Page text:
Does your child stop breathing during sleep? Or does he wake up gasping for breath? These episodes are called hypopneas. They occur when the muscles surrounding the airways relax and allow the soft tissue to collapse.
    Hypopneas are usually associated with obstructive sleep apnea, though not all cases of OSA involve them. However, if your child has frequent hypopneas, then he or she is likely to have the sleep-disordered breathing condition.
  • Sleepiness
    If your child wakes up tired every morning or suffers from daytime sleepiness, he or she could be suffering from sleep deprivation. In fact, lack of sleep has been shown to cause ADHD in children.
  • Nightmares
    Children with sleep apnea often experience nightmares and/or night terrors. This happens because the child’s brain is not getting enough oxygen as a result of the interruptions in breathing that happen when the airway is blocked during sleep.
  • Poor School Performance
    Kids who struggle academically may be experiencing sleep problems. A study published in Pediatrics found an association between childhood sleep apnea and behavior: Students who had trouble concentrating were twice as likely to have sleep apnea.
  • Behavioral Issues
    Kids who have sleep apnea may display behaviors such as hyperactivity, aggression, depression, anxiety, mood swings and poor concentration.

Treatment for Kids’ Sleep Apnea

Seeking a diagnosis for your child’s sleep issues is an important first step for finding the best treatment. A sleep study is performed in a sleep lab and can help a doctor or pediatric sleep specialist identify whether obstructive sleep apnea is at the root of the issue. If it is, that’s actually good news – it means treatment and relief are in sight.

Obstructive sleep apnea treatment for kids may require the removal of the tonsils and adenoids, which are glands located at the top of the mouth. Both can restrict the flow of air and cause sleep apnea in children.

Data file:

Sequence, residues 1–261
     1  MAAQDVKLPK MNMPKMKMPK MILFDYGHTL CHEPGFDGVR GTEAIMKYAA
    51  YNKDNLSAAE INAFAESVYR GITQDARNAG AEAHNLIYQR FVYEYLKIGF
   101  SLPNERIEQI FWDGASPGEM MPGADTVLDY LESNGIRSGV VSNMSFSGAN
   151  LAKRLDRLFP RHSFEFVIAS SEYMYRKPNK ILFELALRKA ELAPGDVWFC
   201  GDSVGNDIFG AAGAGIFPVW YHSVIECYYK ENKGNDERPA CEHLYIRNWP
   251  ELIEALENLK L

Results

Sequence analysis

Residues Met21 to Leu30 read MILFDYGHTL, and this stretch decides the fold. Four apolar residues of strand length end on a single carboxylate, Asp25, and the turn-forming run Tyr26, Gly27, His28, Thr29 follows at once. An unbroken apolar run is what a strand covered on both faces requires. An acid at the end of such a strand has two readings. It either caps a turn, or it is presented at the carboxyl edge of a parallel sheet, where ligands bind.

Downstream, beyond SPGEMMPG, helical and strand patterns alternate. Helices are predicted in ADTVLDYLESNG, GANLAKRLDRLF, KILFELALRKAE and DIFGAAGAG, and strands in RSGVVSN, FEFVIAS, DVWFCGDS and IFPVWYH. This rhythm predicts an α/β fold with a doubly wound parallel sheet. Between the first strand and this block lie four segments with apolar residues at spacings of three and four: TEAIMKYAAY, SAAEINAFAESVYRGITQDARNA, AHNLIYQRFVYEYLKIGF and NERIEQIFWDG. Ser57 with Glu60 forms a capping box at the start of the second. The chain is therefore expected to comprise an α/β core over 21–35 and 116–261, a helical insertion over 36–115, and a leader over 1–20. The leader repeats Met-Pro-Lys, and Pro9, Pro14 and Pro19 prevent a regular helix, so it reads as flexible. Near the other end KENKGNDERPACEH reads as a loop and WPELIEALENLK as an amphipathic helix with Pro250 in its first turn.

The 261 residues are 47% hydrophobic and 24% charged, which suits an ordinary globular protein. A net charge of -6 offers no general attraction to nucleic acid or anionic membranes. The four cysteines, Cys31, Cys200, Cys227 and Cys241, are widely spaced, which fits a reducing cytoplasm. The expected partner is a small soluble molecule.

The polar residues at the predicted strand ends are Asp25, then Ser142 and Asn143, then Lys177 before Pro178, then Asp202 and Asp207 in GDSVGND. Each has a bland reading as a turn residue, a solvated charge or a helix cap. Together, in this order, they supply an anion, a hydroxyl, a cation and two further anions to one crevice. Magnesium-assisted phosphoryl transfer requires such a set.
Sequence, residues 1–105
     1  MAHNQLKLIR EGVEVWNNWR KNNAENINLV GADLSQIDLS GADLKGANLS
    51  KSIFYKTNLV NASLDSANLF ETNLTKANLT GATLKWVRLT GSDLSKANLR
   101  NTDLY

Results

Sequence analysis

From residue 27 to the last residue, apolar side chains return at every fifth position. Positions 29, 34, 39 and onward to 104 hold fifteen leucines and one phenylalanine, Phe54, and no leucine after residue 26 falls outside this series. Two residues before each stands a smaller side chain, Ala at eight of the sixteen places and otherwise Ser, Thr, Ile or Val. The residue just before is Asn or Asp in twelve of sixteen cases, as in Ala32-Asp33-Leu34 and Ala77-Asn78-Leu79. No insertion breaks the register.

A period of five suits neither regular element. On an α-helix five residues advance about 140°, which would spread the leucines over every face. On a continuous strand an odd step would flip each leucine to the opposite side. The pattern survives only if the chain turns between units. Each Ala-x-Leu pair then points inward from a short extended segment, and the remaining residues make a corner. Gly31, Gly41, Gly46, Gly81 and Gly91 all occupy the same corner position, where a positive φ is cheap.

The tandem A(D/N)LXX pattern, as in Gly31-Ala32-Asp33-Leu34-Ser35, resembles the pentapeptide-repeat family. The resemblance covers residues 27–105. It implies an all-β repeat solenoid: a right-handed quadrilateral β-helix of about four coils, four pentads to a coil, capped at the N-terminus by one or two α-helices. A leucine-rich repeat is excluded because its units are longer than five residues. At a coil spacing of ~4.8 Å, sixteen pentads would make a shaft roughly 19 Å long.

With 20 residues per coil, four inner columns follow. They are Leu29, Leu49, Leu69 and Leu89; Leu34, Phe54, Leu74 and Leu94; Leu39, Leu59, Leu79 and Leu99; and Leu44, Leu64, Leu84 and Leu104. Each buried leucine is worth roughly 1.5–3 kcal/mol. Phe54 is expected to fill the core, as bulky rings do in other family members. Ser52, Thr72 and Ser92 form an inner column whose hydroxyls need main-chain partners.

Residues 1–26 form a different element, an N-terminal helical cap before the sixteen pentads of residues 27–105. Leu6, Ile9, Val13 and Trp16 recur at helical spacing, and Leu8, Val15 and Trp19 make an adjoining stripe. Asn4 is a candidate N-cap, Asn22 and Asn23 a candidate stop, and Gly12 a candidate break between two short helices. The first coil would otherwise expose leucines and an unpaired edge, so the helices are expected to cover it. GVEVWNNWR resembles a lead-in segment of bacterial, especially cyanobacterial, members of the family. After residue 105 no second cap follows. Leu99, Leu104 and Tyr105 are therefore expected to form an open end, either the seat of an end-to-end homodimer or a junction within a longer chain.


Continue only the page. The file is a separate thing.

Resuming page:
In other cases, a removable oral appliance from a qualified dentist can help by repositioning the lower jaw to prevent the collapse of the throat muscles and keep the airway clear. They shift the jaw forward, putting a small amount of pressure on the throat muscles, allowing air to flow freely from the nasal passages through the upper airway and into the lungs.

No matter the appropriate treatment for kids with sleep apnea, the important thing is seeking professional help as soon as you realize there is an issue. Your child’s sleep is too important for anything else!

Won’t They Outgrow It?

While some children do indeed grow out of childhood obstructive sleep apnea, not all do. As a result, many of those who do not outgrow it live with the effects we mentioned above plus other serious health conditions such as obesity, cardiovascular issues, elevated blood pressure, an increased risk of stroke, mood disorders and more.

Contact Us Today!

Do you suspect your child is struggling to get a good night’s rest due to sleep apnea in Bullard? Dr. Tad Morgan can help him or her find relief to keep growing strong! Contact us to book an appointment and learn more about kids’ sleep apnea today.